The obligation under Contract Sec. 6.08 depends upon the occurrence of "conditions [which] may arise requiring supplemental contributions...." We agree with the district court that the occurrence of these "conditions," in the first instance, must be determined by the trustees. Effective management of the trust fund requires that the trustees first consider the data and options presented by the actuarial consultant and determine if conditions have arisen requiring supplemental contributions before grievance arbitrators or the courts are called upon to enforce the Sec. 6.08 obligations. This is especially necessary in this case because PECA represents only some of the employers contributing to the H & W Fund.
The enforcement mechanisms established in the trust agreements protect the collective interests of the parties from the delinquency of individual employers by allowing the trustees to seek prompt judicial enforcement of the contribution requirements.
Schneider, 466 U.S. at 373, 104 S. Ct. at 1850. The trustees must have the opportunity to develop a comprehensive strategy for attacking the deficit that will include enforcing the obligations of all employers. If the trustees determine that the PECA employers have obligated themselves to make supplemental contributions under section 6.08 of the Contract, then the trustees not only have the authority but the duty to institute legal action to enforce that obligation. If the trustees deadlock, the parties must submit the dispute to an impartial umpire. 29 U.S.C. § 186(c) (5) (B); H & W Agreement art. V, Sec. 5.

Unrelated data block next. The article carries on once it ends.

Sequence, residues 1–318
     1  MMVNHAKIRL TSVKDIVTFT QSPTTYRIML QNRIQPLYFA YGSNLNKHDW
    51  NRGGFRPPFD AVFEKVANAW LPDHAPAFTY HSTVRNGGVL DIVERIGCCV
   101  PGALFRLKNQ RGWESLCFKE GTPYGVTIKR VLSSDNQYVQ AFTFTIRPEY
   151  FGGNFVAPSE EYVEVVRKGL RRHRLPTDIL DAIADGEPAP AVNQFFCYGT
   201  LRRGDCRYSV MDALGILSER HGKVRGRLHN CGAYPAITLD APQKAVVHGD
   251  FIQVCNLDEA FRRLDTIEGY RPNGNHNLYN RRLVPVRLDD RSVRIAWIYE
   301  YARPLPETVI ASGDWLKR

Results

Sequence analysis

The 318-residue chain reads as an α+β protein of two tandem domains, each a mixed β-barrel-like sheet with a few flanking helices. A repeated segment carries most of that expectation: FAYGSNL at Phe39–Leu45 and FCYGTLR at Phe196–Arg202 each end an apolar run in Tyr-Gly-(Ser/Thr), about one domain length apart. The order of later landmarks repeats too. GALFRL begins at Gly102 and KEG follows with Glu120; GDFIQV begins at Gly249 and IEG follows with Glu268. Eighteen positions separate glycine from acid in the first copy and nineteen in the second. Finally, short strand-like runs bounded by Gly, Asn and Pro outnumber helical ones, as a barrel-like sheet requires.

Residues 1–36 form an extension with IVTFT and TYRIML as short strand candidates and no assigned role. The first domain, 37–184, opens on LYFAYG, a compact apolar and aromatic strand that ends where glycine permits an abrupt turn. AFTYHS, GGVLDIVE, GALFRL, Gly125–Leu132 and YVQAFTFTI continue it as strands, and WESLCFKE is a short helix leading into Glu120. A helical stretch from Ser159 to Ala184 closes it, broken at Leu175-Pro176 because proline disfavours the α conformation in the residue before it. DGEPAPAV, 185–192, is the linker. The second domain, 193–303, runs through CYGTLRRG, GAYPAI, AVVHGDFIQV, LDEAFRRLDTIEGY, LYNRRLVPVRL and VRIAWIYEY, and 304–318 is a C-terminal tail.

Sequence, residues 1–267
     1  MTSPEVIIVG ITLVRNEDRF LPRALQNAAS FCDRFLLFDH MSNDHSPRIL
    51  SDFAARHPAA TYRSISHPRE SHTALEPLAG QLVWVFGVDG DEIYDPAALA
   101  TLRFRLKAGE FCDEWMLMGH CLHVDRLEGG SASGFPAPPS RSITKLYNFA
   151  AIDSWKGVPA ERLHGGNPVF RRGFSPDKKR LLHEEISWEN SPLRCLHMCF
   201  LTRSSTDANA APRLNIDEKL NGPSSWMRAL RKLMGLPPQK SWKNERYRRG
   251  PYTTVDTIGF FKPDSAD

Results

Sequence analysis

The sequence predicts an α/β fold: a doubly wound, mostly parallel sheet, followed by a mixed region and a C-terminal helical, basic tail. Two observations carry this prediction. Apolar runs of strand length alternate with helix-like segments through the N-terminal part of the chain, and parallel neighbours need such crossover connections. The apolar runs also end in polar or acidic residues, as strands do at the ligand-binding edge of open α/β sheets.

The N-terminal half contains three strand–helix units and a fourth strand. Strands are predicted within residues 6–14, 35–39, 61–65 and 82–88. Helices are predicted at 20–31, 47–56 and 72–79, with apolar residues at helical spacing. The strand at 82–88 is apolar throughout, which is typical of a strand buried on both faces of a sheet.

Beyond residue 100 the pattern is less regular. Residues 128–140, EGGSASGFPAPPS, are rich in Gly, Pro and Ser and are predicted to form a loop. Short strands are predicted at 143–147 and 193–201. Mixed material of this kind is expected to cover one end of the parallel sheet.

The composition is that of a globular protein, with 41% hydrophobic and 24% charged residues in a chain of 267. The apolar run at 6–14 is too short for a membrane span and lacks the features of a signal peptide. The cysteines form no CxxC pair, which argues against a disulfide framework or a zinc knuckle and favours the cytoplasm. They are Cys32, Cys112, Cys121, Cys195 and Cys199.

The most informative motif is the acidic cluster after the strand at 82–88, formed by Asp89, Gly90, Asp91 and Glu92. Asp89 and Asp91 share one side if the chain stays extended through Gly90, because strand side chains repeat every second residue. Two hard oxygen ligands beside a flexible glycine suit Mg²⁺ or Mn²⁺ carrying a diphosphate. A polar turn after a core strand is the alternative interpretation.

We have determined that "where administrative procedures have been instituted for the resolution of disputes between parties to a collectively bargained or other agreement, the courts will generally require the exhaustion of those procedures before exercising the jurisdiction they might otherwise have over disputes subject to resolution through said procedures." Amato v. Bernard, 618 F.2d 559, 566 (9th Cir. 1980); see also Fujikawa v. Gushiken, at 1346. Naturally, parties must exhaust all such procedures in accordance with the terms of their agreements before turning to the courts to request enforcement of one procedure over another. These agreements do not permit the Union to bypass the H & W umpire in favor of the arbitration procedures in the collective bargaining agreement. To hold otherwise would hamper effective management of the H & W Trust Fund and undercut the requirements of the LMRA.
We affirm the decision of the district court compelling submission to an umpire of the PECA trustees' motion to reduce benefits and the Union Trustees' proposal to refer to the JCC their motion to either increase employer contributions or divert PECA-IBEW Pension Fund contributions to the H & W Fund. Furthermore, we sustain the ruling that the provisions of Sec. 6.08(a) of the PECA-IBEW collective bargaining agreement only come into play if the majority of the H & W Fund trustees or the umpire refer the matter to the JCC.
29 U.S.C. § 186(c) (5) (B) (1982 & 1987 Supp.)